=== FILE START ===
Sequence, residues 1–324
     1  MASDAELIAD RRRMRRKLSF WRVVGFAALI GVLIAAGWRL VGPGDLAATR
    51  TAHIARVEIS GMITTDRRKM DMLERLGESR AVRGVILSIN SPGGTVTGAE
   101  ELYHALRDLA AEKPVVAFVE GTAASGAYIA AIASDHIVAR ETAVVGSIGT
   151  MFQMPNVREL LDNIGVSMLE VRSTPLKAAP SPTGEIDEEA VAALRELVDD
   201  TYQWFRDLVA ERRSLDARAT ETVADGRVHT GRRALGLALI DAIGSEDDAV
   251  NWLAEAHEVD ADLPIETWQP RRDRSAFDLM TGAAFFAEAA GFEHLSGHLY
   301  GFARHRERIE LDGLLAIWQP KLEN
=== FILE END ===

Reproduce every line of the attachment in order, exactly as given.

Sequence, residues 1–324
     1  MASDAELIAD RRRMRRKLSF WRVVGFAALI GVLIAAGWRL VGPGDLAATR
    51  TAHIARVEIS GMITTDRRKM DMLERLGESR AVRGVILSIN SPGGTVTGAE
   101  ELYHALRDLA AEKPVVAFVE GTAASGAYIA AIASDHIVAR ETAVVGSIGT
   151  MFQMPNVREL LDNIGVSMLE VRSTPLKAAP SPTGEIDEEA VAALRELVDD
   201  TYQWFRDLVA ERRSLDARAT ETVADGRVHT GRRALGLALI DAIGSEDDAV
   251  NWLAEAHEVD ADLPIETWQP RRDRSAFDLM TGAAFFAEAA GFEHLSGHLY
   301  GFARHRERIE LDGLLAIWQP KLEN